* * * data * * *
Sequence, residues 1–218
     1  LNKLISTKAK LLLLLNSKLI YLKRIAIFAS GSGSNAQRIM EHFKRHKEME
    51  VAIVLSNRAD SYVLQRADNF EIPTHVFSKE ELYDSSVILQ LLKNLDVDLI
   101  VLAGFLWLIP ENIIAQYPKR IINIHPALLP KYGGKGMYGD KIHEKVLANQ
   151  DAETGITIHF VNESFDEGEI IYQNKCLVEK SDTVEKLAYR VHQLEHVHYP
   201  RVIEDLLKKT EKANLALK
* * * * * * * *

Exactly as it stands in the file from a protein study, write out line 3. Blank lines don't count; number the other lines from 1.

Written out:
    51  VAIVLSNRAD SYVLQRADNF EIPTHVFSKE ELYDSSVILQ LLKNLDVDLI